Francis J. Castellino

Francis J. Castellino

In Vitro and In Vivo Relationships between Hemostasis and Inflammation


Adjunct Professor of Biochemistry & Molecular Biology, Indiana University School of Medicine
Director, WM Keck Center for Transgene Research, University of Notre Dame
Kleiderer/Pezold Professor of Biochemistry, University of Notre Dame
Dean, College of Science, University of Notre Dame
Professor, University of Notre Dame
Associate Professor, University of Notre Dame
Assistant Professor, University of Notre Dame
NIH Postdoctoral Fellow, Duke University
Ph.D. in Biochemistry, University of Iowa
B.S. University of Scranton

Selected Awards

ISTH Esteemed Career Award
University of Iowa Carver College of Medicine Distinguished Alumnus Award
Wyeth-ISPF Research Prize
Fellow of the Reilly Center for Science, Technology, and Values
Annual Faculty Award, University of Notre Dame
Elected Fellow of the American Heart Association and the Council on Arteriosclerosis, Thrombosis, and Vascular Biology
Fellow, American Association for the Advancement of Science

Research Interests

The interests of Professor Castellino's laboratory involve the structure, function and activation of proteins that participate in blood coagulation and blood clot dissolution. The in vivo mechanisms of the roles of these proteins in these processes are being addressed through in vivo targeted gene-replacement approaches and corresponding in vitro structure-function studies on these genes and proteins are being studied by the most modern biophysical techniques, e.g., X-ray crystallography, NMR, etc. Most of these proteins exist in an inactive state in plasma and thus must be activated to enzymes to exhibit their functional properties. The molecular events involved in the activation and analysis of the concomitant structural changes that occur in the protein are investigated by modern biochemical techniques. Major tools of the laboratory involve cloning, mutagenesis and expression of variant recombinant proteins and individual protein domains, immunochemical studies of the proteins, as well as physical and chemical analysis of their solution structures. The properties of the proteins are then related to their functions. Another project receiving attention involves the structure-function relationships of small gamma-carboxyglutamic acid (Gla)-containing peptides from marine cone snails that target the brain NMDA receptor. These peptides inhibit the flow of calcium into neuronal cells, this latter event being responsible for the neuropathology associated with stroke, epilepsy, Alzheimer's Disease, ALS, etc. The biochemical, pharmacological and neurobiological mechanisms of the actions of these peptides are under study. Peptide synthesis, receptor binding, molecular biological and electrophysiological tools are currently employed in this work. To determine the biological functions of genes encoding coagulation and clot-dissolving proteins in hemostasis, cancer, inflammation, wound healing, embryonic implantation and development, metastases, and athersclerosis, gene deletion and other gene targeting experiments are being performed in mice, in conjunction with phenotyping of these animals. Such studies are expected to provide important information on the development and progression of these disease states.

Recent Publications

  • Silva, L. M.; Doyle, A. D.; Greenwell-Wild, T.; Dutzan, N.; Tran, C. L.; Abusleme, L.; Juang, L. J.; Leung, J.; Chun, E. M.; Lum, A. G.; Agler, C. S.; Zuazo, C. E.; Sibree, M.; Jani, P.; Kram, V.; Martin, D.; Moss, K.; Lionakis, M. S.; Castellino, F. J.; Kastrup, C. J.; Flick, M. J.; Divaris, K.; Bugge, T. H. and Moutsopoulos, N. M. "Fibrin is a Critical Regulator of Neutrophil Effector Function at the Oral Mucosal Barrier" 2021 Science, 374 (6575), pp.1575. DOI: 10.1126/science.abl5450.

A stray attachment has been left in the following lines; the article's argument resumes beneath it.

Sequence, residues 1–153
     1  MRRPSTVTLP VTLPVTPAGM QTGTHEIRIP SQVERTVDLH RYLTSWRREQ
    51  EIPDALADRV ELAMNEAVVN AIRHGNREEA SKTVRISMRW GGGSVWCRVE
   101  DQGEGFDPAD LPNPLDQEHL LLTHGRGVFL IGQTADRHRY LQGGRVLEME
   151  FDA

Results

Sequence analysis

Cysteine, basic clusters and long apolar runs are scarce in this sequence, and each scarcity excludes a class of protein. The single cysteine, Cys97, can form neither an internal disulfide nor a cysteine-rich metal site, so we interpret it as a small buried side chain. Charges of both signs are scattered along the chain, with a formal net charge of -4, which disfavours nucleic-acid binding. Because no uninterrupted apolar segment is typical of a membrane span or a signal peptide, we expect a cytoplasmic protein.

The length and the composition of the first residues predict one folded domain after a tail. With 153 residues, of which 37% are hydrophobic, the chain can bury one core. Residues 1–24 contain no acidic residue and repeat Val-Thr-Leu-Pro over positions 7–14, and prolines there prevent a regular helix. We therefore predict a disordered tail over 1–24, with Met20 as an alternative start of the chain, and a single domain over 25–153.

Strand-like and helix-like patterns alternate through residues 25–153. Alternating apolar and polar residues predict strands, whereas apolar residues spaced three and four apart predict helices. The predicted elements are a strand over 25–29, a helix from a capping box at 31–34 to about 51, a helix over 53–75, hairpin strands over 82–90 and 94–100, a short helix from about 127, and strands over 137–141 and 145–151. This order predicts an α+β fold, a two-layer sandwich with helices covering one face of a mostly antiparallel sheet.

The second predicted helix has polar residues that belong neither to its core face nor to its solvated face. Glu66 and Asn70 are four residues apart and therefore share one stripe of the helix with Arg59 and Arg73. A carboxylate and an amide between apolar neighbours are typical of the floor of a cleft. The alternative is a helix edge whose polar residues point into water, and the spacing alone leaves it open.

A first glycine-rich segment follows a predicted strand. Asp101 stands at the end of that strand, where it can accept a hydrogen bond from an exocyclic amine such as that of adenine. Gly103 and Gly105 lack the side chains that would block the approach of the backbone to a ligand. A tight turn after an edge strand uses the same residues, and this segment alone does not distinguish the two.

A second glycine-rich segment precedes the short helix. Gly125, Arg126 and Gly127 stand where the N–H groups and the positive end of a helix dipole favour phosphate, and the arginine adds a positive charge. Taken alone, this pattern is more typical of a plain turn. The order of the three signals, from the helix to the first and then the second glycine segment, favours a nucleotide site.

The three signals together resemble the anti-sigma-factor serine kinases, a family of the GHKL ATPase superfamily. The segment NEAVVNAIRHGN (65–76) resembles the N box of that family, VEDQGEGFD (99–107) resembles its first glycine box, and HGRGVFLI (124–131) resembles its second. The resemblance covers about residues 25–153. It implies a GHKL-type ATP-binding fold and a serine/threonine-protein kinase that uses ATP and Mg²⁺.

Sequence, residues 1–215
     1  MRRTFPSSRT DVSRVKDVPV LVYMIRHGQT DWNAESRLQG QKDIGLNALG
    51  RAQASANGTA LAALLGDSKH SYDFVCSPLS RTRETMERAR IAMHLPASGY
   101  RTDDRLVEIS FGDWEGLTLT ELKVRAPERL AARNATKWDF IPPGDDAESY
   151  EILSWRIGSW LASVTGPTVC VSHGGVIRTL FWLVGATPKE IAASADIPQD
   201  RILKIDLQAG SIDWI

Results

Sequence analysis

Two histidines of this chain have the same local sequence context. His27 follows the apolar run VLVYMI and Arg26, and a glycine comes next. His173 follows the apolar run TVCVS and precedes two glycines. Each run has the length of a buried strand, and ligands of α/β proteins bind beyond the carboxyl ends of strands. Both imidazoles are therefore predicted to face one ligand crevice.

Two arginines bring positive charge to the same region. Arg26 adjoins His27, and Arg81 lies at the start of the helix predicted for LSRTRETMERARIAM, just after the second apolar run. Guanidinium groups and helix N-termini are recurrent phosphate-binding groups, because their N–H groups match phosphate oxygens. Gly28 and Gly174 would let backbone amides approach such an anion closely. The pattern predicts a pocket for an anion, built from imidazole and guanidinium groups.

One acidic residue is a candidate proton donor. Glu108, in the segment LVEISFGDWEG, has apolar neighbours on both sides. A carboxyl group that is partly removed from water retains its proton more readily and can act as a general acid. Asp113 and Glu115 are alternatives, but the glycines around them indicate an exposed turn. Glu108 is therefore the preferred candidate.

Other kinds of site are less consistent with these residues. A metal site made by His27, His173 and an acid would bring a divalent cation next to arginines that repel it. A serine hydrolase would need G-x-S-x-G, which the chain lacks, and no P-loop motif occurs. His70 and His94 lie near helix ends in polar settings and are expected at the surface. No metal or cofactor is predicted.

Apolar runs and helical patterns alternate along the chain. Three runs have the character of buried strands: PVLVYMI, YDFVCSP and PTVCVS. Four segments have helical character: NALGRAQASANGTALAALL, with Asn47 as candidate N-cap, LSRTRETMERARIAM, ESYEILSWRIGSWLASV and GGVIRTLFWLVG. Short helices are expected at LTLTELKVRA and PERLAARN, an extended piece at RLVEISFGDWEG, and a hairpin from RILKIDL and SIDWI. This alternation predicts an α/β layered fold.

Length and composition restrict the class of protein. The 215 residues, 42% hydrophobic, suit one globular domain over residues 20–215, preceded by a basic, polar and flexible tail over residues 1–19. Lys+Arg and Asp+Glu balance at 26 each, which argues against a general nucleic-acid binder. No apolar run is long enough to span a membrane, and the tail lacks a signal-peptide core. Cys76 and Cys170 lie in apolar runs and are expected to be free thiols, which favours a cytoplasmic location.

• Iwaki, T.; Arakawa, T.; Sandoval-Cooper, M. J.; Smith, D. L.; Donahue, D.; Ploplis, V. A.; Umemura, K. and Castellino, F. J. "Plasminogen Deficiency significantly Reduces Vascular Wall Disease in a Murine Model of Type IIa Hypercholesterolemia" 2021 Biomedicines, 9 (12), 1832. DOI: 10.3390/biomedicines9121832.
  • Ayinuola, O.; Ayinuola, Y. A.; Qiu, C. J.; Lee, S. W.; Ploplis, V. A. and Castellino, F. J. "Binding of the Kringle-2 Domain of Human Plasminogen to Streptococcal PAM-Type M-Protein Causes Dissociation of PAM Dimers" 2021 Microbiologyopen, 10 (6), e1252. DOI: 10.1002/mbo3.1252.
  • Vu, H. M.; Hammers, D. E.; Liang, Z.; Nguyen, G. L.; Benz, M. E.; Moran, T. E.; Higashi, D. L.; Park, C. J.; Ayinuola, Y. A.; Donahue, D. L.; Flores-Mireles, A. L.; Ploplis, V. A.; Castellino, F. J. and Lee, S. W. "Group A Streptococcus-Induced Activation of Human Plasminogen is Required for Keratinocyte Wound Retraction and Rapid Clot Dissolution" 2021 Frontiers in Cardiovascular Medicine, 8, 667554. DOI: 10.3389/fcvm.2021.667554.
  • Ito, T.; Suzuki, Y.; Sano, H.; Honkura, N.; Castellino, F. J. and Urano, T. "Demonstration of Three Distinct High-Molecular-Weight Complexes between Plasminogen Activator Inhibitor Type 1 and Tissue-Type Plasminogen Activator" 2022 Thrombosis and Haemostasis, 122 (03), pp.336-343. DOI: 10.1055/a-1508-7919.
  • Ayinuola, Y. A.; Brito-Robinson, T.; Ayinuola, O.; Beck, J. E.; Cruz-Topete, D.; Lee, S. W.; Ploplis, V. A. and Castellino, F. J. "Streptococcus Co-Opts a Conformational Lock in Human Plasminogen to Facilitate Streptokinase Cleavage and Bacterial Virulence" 2021 Journal of Biological Chemistry, 296, 100099. DOI: 10.1074/jbc.RA120.016262.



Contact Information

  • Kleiderer-Pezold Professor of Biochemistry; Director, WM Keck Center for Transgene Research
  • Office: 230 Raclin-Carmichael Hall
  • Phone: 574-631-8996
  • Send an email
  • Visit Website

Primary Research Areas

Research Specialties